Editorial: A question of sportsmanship

Posted on Author Keith Collantine

Not for the first time in 2005, Ferrari’s controversial stance on testing has drawn serious criticism. Not only have they continually refused to subscribe to the testing limits agreed by all the othe teams, but they have now reneged on the previous agreement not to test during the summer break.

Ferrari’s reasoning is simple enough: they have enough money to spend on testing, so why should they not spend it?

The answer, as has been argued time and again, is that too much emphasis is placed in modern Formula One on how much money you can spend, rather than how good a job you do. It’s a fundamental contrastbetween the ‘sport’ and ‘business’ faces of the sport. And modern Ferrari, for all their rich heritage, are excluviely about the latter, as scandals such as Austria and Indianapolis in 2002 showed.

Besides which, Ferrari and their supporters believe they have an equally valid counter-argument: that the agreement reached to limit testing by the other nine teams is nothing more than a devious ruse calculated to undermine Bridgestone, Ferrari’s tyre supplier, who have practically only Ferrari left to rely on for tyre development.

There are all sorts of reasonable responses that undermine this claim, not least of which the simple point that testing is undertaken at least as much to evaluate new car parts as to develop tyres. But recently a new and even more compelling point has arisen:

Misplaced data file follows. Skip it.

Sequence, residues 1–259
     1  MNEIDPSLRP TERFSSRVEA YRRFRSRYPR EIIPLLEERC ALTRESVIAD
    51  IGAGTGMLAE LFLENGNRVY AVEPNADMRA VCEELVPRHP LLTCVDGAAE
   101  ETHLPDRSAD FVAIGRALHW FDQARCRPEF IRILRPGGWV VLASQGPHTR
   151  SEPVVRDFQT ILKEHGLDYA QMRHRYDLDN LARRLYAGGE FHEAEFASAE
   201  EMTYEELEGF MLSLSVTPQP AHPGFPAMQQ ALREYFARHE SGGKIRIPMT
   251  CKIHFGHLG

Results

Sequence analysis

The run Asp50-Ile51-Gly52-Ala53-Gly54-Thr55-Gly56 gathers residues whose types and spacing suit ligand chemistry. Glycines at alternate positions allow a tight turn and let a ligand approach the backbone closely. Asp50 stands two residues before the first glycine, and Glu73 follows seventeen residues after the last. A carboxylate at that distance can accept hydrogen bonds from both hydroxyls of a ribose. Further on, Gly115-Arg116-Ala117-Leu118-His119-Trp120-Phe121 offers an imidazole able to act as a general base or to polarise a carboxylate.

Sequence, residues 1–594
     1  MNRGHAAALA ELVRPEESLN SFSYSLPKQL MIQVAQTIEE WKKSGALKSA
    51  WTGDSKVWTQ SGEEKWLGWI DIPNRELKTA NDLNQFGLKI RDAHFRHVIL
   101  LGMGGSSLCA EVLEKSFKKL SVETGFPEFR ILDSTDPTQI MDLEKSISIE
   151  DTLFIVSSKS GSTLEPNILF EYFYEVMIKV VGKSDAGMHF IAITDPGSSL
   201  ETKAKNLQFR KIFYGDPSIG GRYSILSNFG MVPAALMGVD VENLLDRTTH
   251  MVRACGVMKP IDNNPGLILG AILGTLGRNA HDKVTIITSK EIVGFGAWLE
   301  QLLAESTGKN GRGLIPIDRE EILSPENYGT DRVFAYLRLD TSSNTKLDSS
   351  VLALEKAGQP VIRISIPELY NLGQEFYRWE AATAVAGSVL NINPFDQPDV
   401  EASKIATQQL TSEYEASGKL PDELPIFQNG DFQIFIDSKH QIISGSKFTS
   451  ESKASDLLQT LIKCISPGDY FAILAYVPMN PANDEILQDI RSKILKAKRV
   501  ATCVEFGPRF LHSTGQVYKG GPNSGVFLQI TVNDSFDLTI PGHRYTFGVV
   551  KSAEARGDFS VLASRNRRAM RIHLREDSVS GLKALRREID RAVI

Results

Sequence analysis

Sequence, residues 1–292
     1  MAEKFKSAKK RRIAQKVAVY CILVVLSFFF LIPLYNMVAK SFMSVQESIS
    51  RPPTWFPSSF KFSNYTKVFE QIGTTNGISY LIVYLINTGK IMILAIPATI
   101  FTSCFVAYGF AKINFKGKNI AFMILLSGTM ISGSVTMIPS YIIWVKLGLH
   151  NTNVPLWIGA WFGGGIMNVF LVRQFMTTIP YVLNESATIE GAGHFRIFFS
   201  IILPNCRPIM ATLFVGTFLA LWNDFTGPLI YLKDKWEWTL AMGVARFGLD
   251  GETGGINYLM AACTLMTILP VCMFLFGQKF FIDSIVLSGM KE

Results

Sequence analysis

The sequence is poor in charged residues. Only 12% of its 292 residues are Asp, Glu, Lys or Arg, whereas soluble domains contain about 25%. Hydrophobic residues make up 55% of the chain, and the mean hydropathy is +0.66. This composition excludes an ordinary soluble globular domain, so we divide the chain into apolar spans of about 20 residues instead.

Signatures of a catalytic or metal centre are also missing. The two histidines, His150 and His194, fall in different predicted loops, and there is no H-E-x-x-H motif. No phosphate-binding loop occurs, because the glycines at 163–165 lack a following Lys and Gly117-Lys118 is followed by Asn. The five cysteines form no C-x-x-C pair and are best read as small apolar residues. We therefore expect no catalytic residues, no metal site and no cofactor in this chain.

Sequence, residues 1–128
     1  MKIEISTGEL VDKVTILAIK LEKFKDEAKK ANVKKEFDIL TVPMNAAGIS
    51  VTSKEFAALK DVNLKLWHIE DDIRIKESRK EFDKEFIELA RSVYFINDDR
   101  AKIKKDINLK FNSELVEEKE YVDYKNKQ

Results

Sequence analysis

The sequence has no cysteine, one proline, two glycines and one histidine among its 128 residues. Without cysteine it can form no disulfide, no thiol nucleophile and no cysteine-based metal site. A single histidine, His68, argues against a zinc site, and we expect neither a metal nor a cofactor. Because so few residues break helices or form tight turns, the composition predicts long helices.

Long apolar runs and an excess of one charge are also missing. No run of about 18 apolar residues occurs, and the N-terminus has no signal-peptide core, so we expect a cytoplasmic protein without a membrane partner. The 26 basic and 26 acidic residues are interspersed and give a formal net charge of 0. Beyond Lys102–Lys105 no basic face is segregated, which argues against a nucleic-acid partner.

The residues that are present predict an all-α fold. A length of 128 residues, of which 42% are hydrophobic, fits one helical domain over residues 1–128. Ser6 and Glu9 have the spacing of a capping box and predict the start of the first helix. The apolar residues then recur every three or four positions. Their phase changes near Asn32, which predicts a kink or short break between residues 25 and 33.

If the testing agreement was just a conspiracy to undermine Ferrari by making them stick to it, why are all the other teams still sticking by it eight months on, when Ferrari are obviously gaining an advantage through all their extra testing?

As explained elsewhere, Ferrari’s new found form may well be the key to sustaining the championship battle over the final six races, so perhaps we should not look a gift (prancing) horse in the mouth. But in the name of fair competition, it is imperative that the FIA acts soon to right the testing imbalance that grossly disadvantages the poorer team.

After all, if Bridgestone’s tyres really are so good to have taken all of the last seven drivers’ and constructors’, it shouldn’t be a problem for them to find more teams, should it?

Posted on Categories Articles in full, F1 races

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